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Tanzania changes heart on VAT exemption on air charter

Aviation industry players hail President Samia for the move

MONDAY February 20, 2023

PHOTO | THE CITIZEN

By Adam Ihucha

Tranquility News Correspondent, Tanzania

Tanzania intends to extend a value added tax (VAT) exemption on “Air Charter Services” for four years in a bid to spur growth of intertwined multi-billion-dollar industries of aviation and tourism.

The two industries that earn the Tanzania economy nearly $2.6 billion in foreign currency annually – under the umbrella of travel – are intrinsically linked, as tourism relies on aviation to bring in visitors, and aviation banks on tourism to generate demand and fill seats.

If all goes well, VAT exemption on “Air Charter Services” will stay through June 30, 2026, offering a ray of hope to the aviation and tourism players to grow business and leapfrog other economic sectors.

The Tanzania Air Operators Association (TAOA) Board Chairman, Captain Maynard Mkumbwa, has on behalf of the aviation industry welcomed the plan of extending the VAT tax relief, expressing his earnest gratitude to the government with the considerate President, Dr Samia Suluhu Hassan, at the helm.

TAOA is the member base association that aims at fostering legal and responsible development of the aviation industry by ensuring safety, efficiency, regularity and economic operations.

The Tanzania Air Operators Association (TAOA) Board Chairman, Captain Maynard Mkumbwa, pokes holes on the reinstatement of VAT on air charter services saying it was ‘shooting ourselves in the foot’. PHOTO | COURTESY

It provides a common platform for the promotion of best practices and engages in effective advocacy with the Government through responsible authorities.

The association provides a range of services to its members such as taking part in the policy formulation and reforms; accessing relevant industrial information about travel, tour and tourism and coordinating partnerships and business linkages between members and relevant players in the national economy.

“I can’t thank enough our considerate government under the President, Dr Samia Suluhu Hassan. The reinstatement of VAT on air charter services was essentially shooting ourselves in the foot,” said, Captain Mkumbwa.

Traditionally, air charter services were treated as exempt supplies as provided under both the VAT Act, 2014, and 1997, respectively. However, the Finance Act, 2022, provided for this exemption to end with effect from December 31, 2022, in a move to expand the VAT base.

As it happened, the Finance Act, 2022, amendment was squarely challenged by the aviation players through TAOA, citing an immediate decline in advance bookings and its consequent negative impact on the tourism industry as vivid examples of ripple effects of the removal of the exemption.

The TAOA Vice-Chairman, Mr Mrisho Yassin, believes the Tanzania government’s change of heart will drive both the aviation and the tourism industries to a great height. PHOTO | THE CITIZEN

In her argument, TAOA Chief Executive Officer, Ms Lathifa Sykes, said the move was counterproductive to Dr. Samia’s initiative through her recently launched Tanzania The Royal Tour Film to promote tourism industry and investment.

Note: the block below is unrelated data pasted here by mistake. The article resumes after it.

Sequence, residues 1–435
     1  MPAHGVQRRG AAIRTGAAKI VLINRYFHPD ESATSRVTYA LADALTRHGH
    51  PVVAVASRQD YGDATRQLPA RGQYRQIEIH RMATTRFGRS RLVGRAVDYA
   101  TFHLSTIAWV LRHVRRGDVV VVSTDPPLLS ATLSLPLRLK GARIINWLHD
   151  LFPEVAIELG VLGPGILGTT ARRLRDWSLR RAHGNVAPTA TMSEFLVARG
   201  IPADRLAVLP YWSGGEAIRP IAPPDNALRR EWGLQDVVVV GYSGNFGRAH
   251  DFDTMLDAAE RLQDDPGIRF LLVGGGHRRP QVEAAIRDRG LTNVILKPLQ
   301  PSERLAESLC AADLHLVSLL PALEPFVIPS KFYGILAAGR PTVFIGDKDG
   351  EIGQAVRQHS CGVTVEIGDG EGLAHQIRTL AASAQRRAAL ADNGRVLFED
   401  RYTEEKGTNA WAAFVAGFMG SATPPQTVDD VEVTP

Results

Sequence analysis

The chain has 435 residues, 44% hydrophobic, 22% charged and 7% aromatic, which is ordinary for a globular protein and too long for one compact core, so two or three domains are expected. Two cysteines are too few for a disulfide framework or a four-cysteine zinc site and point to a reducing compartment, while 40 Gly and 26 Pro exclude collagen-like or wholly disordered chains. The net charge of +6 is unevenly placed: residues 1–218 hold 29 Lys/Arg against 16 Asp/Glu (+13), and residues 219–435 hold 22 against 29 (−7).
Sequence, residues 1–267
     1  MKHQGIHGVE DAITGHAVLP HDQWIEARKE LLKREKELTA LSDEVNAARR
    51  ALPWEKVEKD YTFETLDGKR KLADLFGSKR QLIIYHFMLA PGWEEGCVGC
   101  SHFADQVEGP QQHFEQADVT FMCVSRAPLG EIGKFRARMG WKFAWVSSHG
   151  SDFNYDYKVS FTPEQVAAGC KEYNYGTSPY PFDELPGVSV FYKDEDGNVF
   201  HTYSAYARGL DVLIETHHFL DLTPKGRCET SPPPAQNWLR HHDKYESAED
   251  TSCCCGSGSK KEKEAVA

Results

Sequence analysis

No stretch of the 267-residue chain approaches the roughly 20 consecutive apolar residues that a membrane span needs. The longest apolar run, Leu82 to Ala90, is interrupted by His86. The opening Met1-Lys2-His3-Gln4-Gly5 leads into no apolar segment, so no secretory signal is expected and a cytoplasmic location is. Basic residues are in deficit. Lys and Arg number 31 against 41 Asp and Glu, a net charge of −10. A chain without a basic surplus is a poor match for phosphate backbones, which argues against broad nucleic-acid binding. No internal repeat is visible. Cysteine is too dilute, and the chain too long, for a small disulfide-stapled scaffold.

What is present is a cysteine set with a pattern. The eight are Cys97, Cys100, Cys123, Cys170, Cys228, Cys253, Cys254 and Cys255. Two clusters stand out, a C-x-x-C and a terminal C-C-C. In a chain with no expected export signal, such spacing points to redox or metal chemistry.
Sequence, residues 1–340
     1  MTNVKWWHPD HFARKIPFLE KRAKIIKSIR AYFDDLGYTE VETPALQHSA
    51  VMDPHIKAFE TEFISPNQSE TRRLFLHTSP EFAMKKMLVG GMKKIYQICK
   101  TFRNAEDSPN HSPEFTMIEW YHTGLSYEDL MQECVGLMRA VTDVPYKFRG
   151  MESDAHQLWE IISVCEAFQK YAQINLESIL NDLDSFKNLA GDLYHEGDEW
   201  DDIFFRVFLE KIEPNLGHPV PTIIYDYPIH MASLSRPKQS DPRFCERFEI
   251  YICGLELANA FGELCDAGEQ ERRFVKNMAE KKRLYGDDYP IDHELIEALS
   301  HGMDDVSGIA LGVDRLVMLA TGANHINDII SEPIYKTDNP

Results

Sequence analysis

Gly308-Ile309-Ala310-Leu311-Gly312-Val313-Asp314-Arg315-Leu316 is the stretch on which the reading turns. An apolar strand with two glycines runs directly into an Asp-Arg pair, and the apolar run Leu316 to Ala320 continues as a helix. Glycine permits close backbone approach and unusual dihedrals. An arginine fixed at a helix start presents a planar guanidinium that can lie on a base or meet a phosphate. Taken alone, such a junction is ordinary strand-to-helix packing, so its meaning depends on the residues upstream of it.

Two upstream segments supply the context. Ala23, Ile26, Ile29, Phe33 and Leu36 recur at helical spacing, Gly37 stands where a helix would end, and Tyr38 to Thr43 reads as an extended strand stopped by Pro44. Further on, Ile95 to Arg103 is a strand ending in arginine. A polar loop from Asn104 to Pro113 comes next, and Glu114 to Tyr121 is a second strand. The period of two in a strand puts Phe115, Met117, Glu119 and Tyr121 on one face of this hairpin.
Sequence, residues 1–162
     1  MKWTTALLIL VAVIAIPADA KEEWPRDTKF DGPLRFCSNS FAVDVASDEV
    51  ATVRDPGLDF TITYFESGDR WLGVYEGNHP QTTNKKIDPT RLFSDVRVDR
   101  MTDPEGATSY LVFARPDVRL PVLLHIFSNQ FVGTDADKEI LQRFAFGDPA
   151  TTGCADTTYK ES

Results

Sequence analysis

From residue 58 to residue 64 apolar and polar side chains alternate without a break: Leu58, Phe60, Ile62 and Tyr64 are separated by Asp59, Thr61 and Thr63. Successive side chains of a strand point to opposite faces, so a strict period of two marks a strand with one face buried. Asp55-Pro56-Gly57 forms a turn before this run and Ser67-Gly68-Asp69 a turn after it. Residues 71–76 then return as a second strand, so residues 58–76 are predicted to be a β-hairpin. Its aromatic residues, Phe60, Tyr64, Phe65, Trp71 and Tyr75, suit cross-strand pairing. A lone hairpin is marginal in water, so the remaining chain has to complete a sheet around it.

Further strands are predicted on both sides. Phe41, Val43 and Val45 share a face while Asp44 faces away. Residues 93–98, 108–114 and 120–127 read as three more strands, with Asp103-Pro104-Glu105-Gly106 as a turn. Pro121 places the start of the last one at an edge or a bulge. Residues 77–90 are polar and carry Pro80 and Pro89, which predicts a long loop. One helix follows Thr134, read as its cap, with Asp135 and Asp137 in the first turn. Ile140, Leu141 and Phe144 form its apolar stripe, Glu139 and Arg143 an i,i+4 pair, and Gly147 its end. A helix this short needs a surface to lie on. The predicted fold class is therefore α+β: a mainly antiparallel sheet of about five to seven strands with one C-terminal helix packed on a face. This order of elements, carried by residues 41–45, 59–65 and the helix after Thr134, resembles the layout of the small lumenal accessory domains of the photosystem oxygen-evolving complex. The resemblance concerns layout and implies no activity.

The Tanzania Royal Tour film is part of Dr Samia’s ambitious commitment to achieve one of the pledges of the ruling Chama Cha Mapinduzi’s 2020 General Election manifesto to spur the tourism industry for it to create meaningful employment and leapfrog other economic sectors.

Indeed, the CCM manifesto clearly stipulates that tourism will attract five million tourists who will leave behind nearly $6.6 billion by 2025 with expected massive multiplier effects to a critical mass of ordinary folks in Tanzania, particularly women and youth.

“The removal of VAT exemption on air charter services was countering what President Dr Samia and the ruling party is preaching. Aviation industry has been VAT exempt for years for a reason,” the TAOA CEO observed.

The TAOA Vice-Chairman, Mr Mrisho Yassin, said the idea would go a long way in driving the two intertwined industries of aviation and tourism to a great height.

The TAOA Chief Executive Officer, Ms Lathifa Sykes, argues that the aviation industry has been VAT exempt for years for a reason. PHOTO | COURTESY

A Bill supplement issued on January 20, 2023, proposes to extend the VAT exemption on the supply of air charter services to June 30, 2026, implying repeal of the removal of the amnesty on December 30, 2022.

Part IX proposes to amend the VAT Act, Cap. 148, whereby item 22 of the schedule is amended so as to extend the VAT exemption on air charter services in order to facilitate growth trajectory in the tourism industry.

The Bill Supplement (“the Written Laws (Miscellaneous Amendments) Act, 2023”) proposes to reinstate the exemption and postpone its removal until July 1, 2026.

This implies that it has been recognised that the proposed removal of the exemption would have serious negative implications on the tourism industry.

Tourism is Tanzania’s largest foreign exchange earner, contributing an average of $2.6 billion annually, which is equivalent to 25 per cent of all exchange earnings, the government’s data indicate.

Tourism also contributes to more than 17 per cent of the national gross domestic product (GPD), creating over 1.5 million jobsΩ

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